Want to stay healthy... See your Doctor

by Dr. S. Russell Vester, MD 15. March 2013 09:00

Having come to that important moment of self-awareness and realizing that the only person who is responsible for our health is ourselves, that our bodies need maintenance just like everything else in our lives that we would like to sustain, what do we do first? In the never-ending journey of good heart health, what is the first step?

The first step is to see your doctor.

I’m not telling you this to just drum up business for my homies. I’m telling you this to keep you safe. There is a small but definite percentage of you out there who have a bad combination of things in your medical past that could put you in harm’s way if you decided to jump on a treadmill or an elliptical machine for a half hour for the first time in forever. You must talk with your doctor about what you would like to accomplish and seek his or her advice about how to do this safely.

With safety being the first priority, the rest of what we’re talking about is basic Deming’s principles stuff. Walter Deming is the statistician who brought us the Japanese methods of continuous process improvement. Professor Deming tells us that, before you can improve any process, first you must understand the process as well as you can. To help understand it, one of the key things you must do is measure everything you can about it. There is no reason why these principles cannot be applied to the human body.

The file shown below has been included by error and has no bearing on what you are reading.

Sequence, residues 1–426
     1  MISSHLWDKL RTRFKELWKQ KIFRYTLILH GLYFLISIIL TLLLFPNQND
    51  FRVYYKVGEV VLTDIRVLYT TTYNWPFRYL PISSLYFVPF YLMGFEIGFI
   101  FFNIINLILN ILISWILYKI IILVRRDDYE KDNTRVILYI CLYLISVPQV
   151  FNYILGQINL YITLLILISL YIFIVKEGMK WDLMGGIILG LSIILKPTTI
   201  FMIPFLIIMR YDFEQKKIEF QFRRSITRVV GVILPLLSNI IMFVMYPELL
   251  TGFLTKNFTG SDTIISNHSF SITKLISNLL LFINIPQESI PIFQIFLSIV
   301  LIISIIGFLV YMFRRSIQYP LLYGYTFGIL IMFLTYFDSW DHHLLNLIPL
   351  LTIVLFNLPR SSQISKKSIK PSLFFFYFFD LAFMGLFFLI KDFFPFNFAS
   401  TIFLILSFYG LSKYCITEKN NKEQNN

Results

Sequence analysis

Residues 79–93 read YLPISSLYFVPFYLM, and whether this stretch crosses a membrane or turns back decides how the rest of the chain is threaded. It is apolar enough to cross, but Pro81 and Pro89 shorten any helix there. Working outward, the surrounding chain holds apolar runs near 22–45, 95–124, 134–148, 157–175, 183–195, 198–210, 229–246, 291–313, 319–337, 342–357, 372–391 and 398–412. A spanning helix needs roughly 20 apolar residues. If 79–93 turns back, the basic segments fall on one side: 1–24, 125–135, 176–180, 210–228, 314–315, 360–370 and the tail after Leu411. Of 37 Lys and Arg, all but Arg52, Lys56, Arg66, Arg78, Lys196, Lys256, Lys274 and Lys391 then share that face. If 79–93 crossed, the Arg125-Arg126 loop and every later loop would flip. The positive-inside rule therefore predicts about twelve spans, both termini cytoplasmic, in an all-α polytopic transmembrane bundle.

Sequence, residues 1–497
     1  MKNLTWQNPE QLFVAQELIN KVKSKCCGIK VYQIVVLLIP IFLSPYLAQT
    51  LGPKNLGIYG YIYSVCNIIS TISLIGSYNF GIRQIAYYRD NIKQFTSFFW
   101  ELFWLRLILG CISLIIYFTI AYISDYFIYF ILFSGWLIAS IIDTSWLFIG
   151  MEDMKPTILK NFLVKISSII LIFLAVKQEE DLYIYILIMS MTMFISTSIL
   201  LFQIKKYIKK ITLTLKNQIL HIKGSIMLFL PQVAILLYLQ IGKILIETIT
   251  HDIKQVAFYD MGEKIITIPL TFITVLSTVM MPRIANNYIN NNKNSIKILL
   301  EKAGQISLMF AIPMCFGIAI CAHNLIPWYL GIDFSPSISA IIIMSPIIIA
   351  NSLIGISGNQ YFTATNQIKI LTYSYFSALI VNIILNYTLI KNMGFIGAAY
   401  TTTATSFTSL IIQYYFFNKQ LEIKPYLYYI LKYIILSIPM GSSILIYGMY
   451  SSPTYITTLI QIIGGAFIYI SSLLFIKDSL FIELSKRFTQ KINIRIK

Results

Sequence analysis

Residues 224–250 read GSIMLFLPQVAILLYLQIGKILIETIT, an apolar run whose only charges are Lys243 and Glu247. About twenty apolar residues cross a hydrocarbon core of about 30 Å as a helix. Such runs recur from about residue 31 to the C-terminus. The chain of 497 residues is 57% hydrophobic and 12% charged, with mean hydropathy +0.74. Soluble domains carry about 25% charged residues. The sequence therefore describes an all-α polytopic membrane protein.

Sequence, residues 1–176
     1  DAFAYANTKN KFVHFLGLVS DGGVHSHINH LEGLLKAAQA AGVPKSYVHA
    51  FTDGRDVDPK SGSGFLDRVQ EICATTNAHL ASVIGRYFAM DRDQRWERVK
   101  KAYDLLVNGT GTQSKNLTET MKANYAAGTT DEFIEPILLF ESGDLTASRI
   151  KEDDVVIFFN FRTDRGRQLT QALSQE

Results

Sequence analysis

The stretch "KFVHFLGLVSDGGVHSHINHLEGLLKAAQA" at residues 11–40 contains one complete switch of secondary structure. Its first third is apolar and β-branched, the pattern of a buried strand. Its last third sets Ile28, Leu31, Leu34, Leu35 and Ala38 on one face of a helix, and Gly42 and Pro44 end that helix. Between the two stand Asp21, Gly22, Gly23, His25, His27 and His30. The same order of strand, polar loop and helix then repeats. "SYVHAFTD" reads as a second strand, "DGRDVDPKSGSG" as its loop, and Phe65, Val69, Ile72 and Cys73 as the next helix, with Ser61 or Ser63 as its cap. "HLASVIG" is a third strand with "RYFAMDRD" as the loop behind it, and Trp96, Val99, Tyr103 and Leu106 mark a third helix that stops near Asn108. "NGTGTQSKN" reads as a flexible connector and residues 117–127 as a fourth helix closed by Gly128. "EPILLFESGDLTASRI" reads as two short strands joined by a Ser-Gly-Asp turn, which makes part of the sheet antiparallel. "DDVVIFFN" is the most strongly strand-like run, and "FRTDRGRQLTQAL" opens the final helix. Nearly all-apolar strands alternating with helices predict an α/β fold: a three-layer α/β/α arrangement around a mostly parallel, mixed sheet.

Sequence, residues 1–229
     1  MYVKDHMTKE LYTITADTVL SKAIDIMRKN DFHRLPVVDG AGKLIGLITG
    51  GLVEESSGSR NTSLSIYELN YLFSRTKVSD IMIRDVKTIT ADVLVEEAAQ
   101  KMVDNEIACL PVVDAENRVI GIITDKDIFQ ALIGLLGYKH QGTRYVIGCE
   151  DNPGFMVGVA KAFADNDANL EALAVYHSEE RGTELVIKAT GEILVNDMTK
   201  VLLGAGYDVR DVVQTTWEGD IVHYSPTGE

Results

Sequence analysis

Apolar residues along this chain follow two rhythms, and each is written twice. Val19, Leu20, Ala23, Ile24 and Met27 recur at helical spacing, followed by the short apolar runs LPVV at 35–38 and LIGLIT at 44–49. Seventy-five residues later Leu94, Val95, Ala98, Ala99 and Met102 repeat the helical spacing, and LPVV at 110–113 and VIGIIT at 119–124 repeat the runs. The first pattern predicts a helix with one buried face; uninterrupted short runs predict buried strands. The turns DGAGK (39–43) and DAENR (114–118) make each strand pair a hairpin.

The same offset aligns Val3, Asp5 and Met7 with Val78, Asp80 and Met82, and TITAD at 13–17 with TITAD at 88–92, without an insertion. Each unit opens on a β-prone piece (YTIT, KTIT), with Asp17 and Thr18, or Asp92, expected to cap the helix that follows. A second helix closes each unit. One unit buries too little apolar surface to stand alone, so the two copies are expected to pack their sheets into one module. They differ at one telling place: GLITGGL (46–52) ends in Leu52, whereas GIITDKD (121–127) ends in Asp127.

For your heart’s health there are a number of things that must be measured. The most fundamental are body dimensions: height and weight. Next are vital signs: temperature, resting pulse rate (beats per minute), resting respiratory rate (breathes per minute) and blood pressure. In my office, where we see so many people with advanced heart disease, we also include blood oxygen saturation at rest. This is done with a simple finger probe.

So far so good. We have gotten a whole bunch of useful information about our bodies and the doctor hasn’t even put on a rubber glove yet! In all honesty the stuff you can find out about someone where a glove is needed isn’t something we are concerned with when thinking about heart health. That doesn’t mean it isn’t important. It is. As a heart surgeon I am delighted to leave this realm of orifice-related information to my fellow physicians.

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